Live captions and translations. Like Studio Effects, some Windows 11 PCs could already generative live captions of whatever audio is playing. Now, the feature will translate audio in 44 languages to English on the fly — or at least that’s the idea. At their best, the translations are a bit stilted, and the captions pop up just late enough to make following along tricky. And at worst, well, they don’t make sense.

AI art assistance. If your MS Paint skills were as lacking as mine, you can now use the Paint app’s co-creator tool to help — just describe what you want to see, and use the usual brushes and colors to guide the AI along. It’s genuinely neat, and something I’d love to see a child get familiar with it, but far from essential.

You can also just turn things over to AI entirely with an Image Creator feature — except you have to be connected to the internet and have a Microsoft account to do it. You may as well ask ChatGPT to do it for you in the first place.

Recall. This tool, which takes screenshots of everything you do on your PC so AI can help jog your memory, was supposed to be the flagship feature of these Copilot+ computers.

Oops. It’s not here yet. An uproar from security researchers who found that the feature was both turned on by default and stored potentially sensitive data insecurely forced Microsoft to pump the brakes.

Are these AI PCs actually worth it?

They can be, even if the AI stuff is a disappointment.

Because of the chips you’ll find in these Copilot+ PCs, you can expect to see some really nice battery life. Take the Surface Laptop ($999+) I’ve been testing: After putting it through a full day’s worth of writing, taking video calls, trying out games and editing photos, it often had between 20 and 30 percent charge left before I shut its lid for the night.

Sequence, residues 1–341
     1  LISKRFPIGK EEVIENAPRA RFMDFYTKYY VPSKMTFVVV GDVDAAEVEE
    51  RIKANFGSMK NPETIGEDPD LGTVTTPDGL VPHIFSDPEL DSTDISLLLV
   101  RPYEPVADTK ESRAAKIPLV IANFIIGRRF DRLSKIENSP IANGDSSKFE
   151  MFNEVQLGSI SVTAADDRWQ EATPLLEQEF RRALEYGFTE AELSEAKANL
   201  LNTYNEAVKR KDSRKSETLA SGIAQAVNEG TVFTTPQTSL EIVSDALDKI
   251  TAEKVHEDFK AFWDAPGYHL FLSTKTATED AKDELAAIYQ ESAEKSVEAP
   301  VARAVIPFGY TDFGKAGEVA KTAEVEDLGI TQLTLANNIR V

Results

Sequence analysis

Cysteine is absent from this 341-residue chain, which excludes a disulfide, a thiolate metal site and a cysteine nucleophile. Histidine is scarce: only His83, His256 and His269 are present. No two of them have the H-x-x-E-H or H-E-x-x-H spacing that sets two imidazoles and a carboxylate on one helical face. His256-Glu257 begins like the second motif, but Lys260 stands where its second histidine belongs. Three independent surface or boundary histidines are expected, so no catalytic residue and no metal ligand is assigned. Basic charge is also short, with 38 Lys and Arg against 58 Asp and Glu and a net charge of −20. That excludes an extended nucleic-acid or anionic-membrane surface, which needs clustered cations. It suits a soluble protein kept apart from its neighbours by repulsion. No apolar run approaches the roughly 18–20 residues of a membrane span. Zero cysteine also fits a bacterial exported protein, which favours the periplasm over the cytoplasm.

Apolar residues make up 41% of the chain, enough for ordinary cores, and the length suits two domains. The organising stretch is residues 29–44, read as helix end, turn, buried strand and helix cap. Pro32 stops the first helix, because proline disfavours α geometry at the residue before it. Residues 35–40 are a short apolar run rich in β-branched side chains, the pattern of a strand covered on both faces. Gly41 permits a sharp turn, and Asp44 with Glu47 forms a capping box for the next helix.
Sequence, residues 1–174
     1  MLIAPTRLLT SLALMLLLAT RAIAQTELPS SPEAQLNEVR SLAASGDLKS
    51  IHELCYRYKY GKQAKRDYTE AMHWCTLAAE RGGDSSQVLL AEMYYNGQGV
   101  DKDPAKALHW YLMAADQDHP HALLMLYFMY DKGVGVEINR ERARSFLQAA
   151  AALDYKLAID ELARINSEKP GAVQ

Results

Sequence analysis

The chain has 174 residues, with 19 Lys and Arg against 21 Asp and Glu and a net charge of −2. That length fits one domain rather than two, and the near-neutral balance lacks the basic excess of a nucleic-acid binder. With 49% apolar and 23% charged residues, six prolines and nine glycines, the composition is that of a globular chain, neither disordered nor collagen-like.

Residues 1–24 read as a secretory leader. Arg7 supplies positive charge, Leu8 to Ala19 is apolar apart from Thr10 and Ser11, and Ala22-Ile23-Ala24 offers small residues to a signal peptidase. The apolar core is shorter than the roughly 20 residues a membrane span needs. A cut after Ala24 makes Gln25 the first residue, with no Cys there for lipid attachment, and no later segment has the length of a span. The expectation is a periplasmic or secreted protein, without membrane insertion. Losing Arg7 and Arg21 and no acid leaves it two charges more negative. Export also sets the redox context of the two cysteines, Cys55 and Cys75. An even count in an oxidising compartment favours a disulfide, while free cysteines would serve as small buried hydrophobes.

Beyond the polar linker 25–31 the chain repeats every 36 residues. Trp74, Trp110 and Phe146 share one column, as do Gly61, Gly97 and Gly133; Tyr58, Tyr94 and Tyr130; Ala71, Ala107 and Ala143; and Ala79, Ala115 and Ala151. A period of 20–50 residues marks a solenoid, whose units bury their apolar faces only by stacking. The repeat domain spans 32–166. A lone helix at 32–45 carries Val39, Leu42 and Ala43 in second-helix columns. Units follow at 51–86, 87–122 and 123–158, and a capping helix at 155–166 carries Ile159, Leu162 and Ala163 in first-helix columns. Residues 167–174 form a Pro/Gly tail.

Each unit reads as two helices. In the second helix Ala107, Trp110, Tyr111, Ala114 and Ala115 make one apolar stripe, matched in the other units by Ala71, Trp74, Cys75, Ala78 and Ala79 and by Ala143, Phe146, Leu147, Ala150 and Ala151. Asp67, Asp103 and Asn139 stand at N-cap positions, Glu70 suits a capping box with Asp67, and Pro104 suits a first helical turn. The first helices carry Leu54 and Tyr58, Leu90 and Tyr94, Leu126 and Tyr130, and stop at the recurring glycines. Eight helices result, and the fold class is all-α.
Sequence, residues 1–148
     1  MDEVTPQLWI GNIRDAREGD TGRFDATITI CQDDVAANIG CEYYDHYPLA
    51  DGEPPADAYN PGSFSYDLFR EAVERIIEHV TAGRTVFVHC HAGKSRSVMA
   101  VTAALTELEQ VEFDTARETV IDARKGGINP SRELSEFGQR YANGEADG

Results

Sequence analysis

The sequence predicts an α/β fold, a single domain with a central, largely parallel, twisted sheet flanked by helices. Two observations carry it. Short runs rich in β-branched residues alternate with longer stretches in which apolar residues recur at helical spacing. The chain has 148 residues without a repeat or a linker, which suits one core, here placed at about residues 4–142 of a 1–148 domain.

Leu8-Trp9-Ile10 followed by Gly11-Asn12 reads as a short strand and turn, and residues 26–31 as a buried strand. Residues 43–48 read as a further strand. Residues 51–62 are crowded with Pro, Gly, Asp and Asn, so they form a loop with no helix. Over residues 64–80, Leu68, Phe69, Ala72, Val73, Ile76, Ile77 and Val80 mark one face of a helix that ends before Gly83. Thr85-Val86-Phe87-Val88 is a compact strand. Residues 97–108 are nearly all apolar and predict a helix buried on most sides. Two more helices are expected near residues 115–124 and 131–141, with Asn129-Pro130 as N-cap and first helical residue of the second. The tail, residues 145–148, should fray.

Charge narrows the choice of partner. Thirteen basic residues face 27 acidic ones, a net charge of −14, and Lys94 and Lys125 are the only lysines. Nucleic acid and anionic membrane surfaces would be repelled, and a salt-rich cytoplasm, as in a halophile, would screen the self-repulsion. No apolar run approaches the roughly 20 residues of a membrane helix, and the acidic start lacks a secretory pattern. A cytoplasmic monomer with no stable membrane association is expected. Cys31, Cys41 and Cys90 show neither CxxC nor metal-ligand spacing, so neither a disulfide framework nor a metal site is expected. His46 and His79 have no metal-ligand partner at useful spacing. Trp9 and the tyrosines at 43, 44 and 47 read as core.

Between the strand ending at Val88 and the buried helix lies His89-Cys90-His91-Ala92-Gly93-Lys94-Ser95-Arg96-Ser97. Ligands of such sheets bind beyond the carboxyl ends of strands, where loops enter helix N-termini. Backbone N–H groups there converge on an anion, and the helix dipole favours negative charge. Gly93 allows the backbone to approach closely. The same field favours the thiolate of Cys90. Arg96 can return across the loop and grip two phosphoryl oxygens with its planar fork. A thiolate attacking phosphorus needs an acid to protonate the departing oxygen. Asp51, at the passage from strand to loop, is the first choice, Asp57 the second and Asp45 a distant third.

On days mostly spent in a web browser, meanwhile, I could use the laptop for eight hours straight without even hitting the 50 percent mark.

That’s just fantastic for a Windows laptop, and I can’t overstate how nice it is to just do your thing without feeling battery dread. And that’s especially true considering my test machine — a higher-end Surface Laptop model — felt snappy and responsive through nearly everything I threw at it.

I say “nearly” because some things I tried simply didn’t work.

Blame an interesting chip quirk. All of the apps you’ve ever used on a Windows computer were designed for one underlying foundation, or “architecture,” but Qualcomm’s chips use a different one. And that means apps you want to use sometimes won’t run.

In my case, that’s mostly been games: They see a processor they don’t expect and refuse to start. Thankfully, these PCs are clever enough to “translate” older apps to run on the new chips’ architecture, but you may run into bugs and extra power drain as a result.

If you mainly live in a web browser, you don’t have much to worry about. But if you rely on any Windows apps or utilities — especially older ones that may not get updated — you’ll want to hold off on a Copilot+ PC until you can make sure that the software works the way it needs to.

Apple went through similar app growing pains when it switched its computers over to Apple Silicon chips in 2020, and it’s doing just fine on the other side. Microsoft and its partners are in a similar position now: Even without great AI tools, these so-called AI PCs are undeniably good at the stuff that matters — and they stand to get better with time.